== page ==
The business world inevitably reflects the society that surrounds it, as changes in societal norms and evolving cultural values naturally filter into office environments. After all, businesses are composed of people.
What’s less obvious is that the relationship works both ways – business has an important role in driving positive change in society and, due to influences both at a grass-roots level and from a newer generation of societally conscious leadership teams, responsible business has emerged as an integral part of how enterprises operate.
As business decision-makers reflect on how their organisation will change and adapt post-COVID, addressing the topic of corporate responsibility has never been so timely, says Jim Holland, regional director for Africa at the Lenovo Infrastructure Solutions Group (ISG).
To understand these issues more closely, Lenovo conducted research to gain greater insight into what IT decision makers in EMEA and, through their perspective, network users expect from their employer with respect to digital transformation efforts, and the extent to which sentiments around responsible business have manifested.
“Change can often be a slow process and once change has taken effect, it can seem inconceivable that things would ever return to the old ways,” says Holland. “Take our current global circumstances, for example. The concept of work has always had an implicit association with a physical workspace. Over the past decade, correlating with advances in laptops, mobile devices, VPNs and virtual desktops, working from remote locations such as homes and cafés became more permissible, yet rarely the default.
“Now, organisations that once ignored processes like remote and flexible working are embracing them, understanding the necessity to place human needs above business goals during the Covid-19 outbreak. While many employees are itching to get back to their office routines, it’s likely that non-conventional ways of working will be viewed in a different light than before.”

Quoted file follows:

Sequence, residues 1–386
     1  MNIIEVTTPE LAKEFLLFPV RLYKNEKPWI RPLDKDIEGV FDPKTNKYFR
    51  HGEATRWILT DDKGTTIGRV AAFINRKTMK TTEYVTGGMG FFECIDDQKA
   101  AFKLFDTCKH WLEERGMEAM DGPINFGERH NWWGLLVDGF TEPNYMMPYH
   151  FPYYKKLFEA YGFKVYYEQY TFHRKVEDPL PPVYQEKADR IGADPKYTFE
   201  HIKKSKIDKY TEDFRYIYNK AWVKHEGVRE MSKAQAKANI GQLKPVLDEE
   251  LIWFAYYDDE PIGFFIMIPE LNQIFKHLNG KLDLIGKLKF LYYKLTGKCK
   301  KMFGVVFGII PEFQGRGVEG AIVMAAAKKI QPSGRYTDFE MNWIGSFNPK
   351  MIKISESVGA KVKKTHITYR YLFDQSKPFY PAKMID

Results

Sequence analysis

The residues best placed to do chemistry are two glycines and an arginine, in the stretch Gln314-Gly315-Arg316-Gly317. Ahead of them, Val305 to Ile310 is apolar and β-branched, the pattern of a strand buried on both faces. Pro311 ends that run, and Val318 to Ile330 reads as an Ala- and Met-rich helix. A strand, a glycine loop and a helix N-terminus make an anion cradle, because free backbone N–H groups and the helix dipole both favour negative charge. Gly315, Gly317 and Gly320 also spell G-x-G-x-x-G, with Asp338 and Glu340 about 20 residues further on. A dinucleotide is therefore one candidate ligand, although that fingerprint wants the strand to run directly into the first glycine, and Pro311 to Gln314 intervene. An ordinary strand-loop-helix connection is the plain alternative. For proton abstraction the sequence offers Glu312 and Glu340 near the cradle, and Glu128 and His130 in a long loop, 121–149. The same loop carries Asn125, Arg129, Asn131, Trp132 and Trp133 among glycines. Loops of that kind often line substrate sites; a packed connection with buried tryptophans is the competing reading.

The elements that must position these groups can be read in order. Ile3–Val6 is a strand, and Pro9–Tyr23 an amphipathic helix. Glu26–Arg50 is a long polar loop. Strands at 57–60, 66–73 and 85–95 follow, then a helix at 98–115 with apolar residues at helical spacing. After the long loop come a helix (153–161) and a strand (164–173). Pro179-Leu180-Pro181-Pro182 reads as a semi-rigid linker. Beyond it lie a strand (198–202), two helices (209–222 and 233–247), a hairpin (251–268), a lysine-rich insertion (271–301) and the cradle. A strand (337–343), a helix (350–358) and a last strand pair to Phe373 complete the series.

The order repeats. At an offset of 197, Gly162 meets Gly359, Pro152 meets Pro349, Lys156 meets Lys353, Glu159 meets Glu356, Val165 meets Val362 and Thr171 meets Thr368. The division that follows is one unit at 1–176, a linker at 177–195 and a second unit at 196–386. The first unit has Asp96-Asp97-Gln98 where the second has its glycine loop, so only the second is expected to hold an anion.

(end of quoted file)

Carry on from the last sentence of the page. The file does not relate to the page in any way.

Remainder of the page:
Holland adds that where and how employees work is only one element of broader transformation efforts, with some areas yet to adapt to changes in expectations.
One area highlighted by the research was the shortcomings in the level of priority given to human factors in decision-making. The results showed 62% of IT managers report their investment decisions are entirely business-centric, and only 6% of IT managers across EMEA stated their IT decision-making is user-centric.
“This disconnect suggests that technology decision-making typically isn’t broad enough in perspective to consider all of its impacts. After all, productivity gains come from humans capitalising on technology capabilities, not from the technology itself,” says Holland.
The research offers a range of insights on what the varied impacts of transformation are, and what the IT managers themselves view as important as participants in intelligent transformation.
One significant insight is around attitudes towards the vendor’s ethical and sustainability practices. Among the responses, 78% consider ethical supply chain as important or very important when investing in new technologies.
Alongside this, 74% cited the environmental impact of the vendors supply chain and 72% mentioned sustainability impact of the technology’s manufacturing process as important factors in investment decisions.
Other important factors cited by the respondents in their purchasing included the energy usage of the technology (75%), fair treatment of vendors in payment terms (79%) and accessibility of technology for less abled employees (78%).
These findings show that responsible business is a wide-reaching factor that doesn’t simply start and stop at the office doors but extends across the business’ internal IT operations and wider network. As these attitudes continue to evolve, the need for enterprises to be working with vendors in a responsible way is likely be pushed further up the corporate agenda.
“Positive change, we know, will come over time. But as an industry we can help accelerate it and reinforce its impacts. In the wake of the Covid-19 lockdown, now is the time for organisations to Think Human in how they approach considerations around business and technology, placing people at the centre of technology decisions and embracing the opportunities that smarter technology creates.
“If this is addressed, and businesses take a people-first approach to IT adoption, we will see a greater number of responsible businesses emerge, bringing positive change for both organisations and wider society,” Holland concludes.